December 7, 2005
Wednesday marks a somber anniversary, 64 years, since the Japanese attacked Pearl Harbor. The attacked caused President Roosevelt to declare the start of World War II.
Eight battleships and 13 naval vessels were sunk, or badly damaged, almost 200 American aircraft destroyed, and almost 3,000 military personnel were killed, or wounded on December 7, 1941.
"December 7, 1941, a day which will live in infamy," said President Franklin Roosevelt.
One day later, President Franklin Roosevelt went before the congress to ask for a declaration of war.
They are older men and woman now, with canes, glasses, and great grandchildren. On December 7th, 1941 they were teenage patriots in uniforms who watched in horror and ran for their lives as Japanese bombers and fighter planes attack Pearl Harbor early one Sunday morning.
"It was one hell of day [because of] all the damage and everything, and the killing and everything," said George Frazier, a Pearl Harbor Survivor.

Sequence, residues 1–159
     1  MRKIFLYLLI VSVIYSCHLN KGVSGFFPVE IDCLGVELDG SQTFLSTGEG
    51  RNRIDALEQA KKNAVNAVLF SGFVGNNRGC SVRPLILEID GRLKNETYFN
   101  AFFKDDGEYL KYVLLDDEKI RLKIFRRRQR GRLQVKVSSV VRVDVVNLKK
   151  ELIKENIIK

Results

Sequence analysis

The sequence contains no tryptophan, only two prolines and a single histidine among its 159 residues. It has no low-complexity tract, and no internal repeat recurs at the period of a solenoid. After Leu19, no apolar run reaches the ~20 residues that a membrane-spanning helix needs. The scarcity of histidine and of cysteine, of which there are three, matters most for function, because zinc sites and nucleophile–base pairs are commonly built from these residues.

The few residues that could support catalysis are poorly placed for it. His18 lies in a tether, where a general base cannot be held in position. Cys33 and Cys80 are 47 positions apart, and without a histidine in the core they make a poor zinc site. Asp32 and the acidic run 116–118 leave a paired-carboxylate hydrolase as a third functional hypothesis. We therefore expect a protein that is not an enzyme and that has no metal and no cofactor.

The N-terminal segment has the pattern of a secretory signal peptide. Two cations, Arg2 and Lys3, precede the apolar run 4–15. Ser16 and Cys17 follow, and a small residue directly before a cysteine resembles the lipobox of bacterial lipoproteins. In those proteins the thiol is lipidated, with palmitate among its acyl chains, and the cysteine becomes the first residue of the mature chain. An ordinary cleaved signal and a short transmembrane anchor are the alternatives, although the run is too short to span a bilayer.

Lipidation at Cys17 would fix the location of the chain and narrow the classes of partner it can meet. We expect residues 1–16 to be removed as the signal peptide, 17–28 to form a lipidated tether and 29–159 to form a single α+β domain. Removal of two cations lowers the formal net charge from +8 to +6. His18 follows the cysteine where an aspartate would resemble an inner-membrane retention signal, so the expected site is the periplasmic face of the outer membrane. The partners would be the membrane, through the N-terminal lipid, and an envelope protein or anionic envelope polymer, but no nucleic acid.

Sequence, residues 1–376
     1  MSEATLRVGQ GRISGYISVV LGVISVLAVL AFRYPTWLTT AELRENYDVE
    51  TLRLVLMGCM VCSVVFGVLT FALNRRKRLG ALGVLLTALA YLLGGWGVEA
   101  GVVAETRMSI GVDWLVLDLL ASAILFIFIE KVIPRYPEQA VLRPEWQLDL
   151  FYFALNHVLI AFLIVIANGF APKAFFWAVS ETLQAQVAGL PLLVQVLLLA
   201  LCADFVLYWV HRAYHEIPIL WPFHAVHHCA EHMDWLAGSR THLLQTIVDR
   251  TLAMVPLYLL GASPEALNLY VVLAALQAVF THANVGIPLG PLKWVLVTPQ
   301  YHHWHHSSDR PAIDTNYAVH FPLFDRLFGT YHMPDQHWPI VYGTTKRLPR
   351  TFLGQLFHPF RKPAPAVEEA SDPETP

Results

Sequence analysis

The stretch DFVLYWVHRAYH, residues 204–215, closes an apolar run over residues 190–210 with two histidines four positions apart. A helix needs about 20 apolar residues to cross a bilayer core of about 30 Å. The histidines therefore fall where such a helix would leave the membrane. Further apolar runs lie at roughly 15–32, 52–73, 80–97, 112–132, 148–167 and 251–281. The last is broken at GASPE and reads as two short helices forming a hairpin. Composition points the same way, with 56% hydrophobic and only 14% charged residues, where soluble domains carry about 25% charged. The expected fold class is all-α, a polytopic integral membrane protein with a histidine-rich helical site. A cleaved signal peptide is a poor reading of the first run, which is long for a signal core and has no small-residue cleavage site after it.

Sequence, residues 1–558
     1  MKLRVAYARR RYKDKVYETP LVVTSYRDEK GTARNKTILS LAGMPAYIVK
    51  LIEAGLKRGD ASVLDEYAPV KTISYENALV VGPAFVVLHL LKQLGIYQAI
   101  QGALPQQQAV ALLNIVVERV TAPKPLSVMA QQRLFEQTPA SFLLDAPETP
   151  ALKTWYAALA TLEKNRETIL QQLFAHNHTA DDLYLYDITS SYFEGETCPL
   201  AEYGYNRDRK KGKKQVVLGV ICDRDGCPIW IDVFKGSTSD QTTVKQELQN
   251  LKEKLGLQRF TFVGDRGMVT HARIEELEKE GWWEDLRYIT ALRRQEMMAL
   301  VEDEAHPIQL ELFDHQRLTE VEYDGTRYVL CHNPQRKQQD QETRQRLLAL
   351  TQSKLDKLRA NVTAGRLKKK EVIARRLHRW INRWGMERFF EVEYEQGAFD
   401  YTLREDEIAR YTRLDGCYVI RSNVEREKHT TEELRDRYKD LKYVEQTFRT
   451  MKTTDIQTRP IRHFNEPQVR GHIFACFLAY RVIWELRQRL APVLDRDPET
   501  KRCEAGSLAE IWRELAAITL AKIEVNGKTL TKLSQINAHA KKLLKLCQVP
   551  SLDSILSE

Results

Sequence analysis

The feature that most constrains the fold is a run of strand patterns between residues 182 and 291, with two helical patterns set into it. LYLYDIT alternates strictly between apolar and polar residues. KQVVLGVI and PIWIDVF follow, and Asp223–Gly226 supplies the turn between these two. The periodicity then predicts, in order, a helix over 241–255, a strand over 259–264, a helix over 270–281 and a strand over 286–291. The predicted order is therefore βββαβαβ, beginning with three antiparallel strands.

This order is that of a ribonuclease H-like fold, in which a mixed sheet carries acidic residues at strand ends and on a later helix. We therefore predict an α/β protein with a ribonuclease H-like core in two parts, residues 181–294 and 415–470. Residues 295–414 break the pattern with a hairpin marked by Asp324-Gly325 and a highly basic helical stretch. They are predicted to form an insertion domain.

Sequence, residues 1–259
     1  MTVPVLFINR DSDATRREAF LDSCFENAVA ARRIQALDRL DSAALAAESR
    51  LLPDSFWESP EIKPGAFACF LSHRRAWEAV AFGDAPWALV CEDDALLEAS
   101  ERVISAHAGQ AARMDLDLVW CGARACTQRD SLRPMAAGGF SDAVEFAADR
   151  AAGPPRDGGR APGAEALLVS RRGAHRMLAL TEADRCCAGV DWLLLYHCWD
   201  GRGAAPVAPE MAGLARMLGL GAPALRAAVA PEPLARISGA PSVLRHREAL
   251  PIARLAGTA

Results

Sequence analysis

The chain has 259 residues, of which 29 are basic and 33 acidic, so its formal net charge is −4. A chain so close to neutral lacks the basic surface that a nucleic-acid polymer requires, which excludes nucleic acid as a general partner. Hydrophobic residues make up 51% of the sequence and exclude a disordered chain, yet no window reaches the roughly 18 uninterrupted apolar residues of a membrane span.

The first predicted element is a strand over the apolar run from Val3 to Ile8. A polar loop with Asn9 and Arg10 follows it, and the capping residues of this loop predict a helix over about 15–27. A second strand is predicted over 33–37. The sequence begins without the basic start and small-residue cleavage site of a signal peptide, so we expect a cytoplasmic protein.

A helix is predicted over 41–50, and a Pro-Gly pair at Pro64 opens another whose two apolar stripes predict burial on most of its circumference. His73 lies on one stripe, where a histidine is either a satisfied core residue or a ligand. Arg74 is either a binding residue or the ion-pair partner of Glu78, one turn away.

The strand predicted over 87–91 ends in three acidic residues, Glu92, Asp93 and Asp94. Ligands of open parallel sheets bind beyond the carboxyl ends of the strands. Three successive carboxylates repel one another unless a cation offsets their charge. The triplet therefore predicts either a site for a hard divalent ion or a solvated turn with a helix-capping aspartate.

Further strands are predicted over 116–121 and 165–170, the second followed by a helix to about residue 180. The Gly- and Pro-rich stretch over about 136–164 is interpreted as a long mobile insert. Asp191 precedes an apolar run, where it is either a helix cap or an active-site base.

The Liberty Bell Chapter of the Pearl Harbor Survivors Association, in Philadelphia, used to have 164 members in its ranks. Now, the service men and women stationed in Hawaii at the start World War II, are left with only 42. The members of the association think about America at war right now, and today's troops that are in harm's way.
"Many of us support the American troops that are over there, but it is a question mark about this war. How far it is going, and where it is going," added Frazier.
Some troops have mixed opinions about the war, and the perception that the United States does not belong in Iraq.
"99% of the Iraqi people want the Americans to stay, but it is the 1% that has the 100% of the media here trying to get us out of there," said Alexander Horanzy.
For years, the number of Virginians who died in the attack on Pearl Harbor has been fixed at 27. Now, because of the diligence of a researcher at the Library of Virginia, the names of 14 more Virginians have been added to the roll of honored dead.
2,000 sailors, veterans, community leaders and guests bowed their heads in Hawaii this morning in remembrance at the spot where the Japanese planes attacked the United States 64 years ago.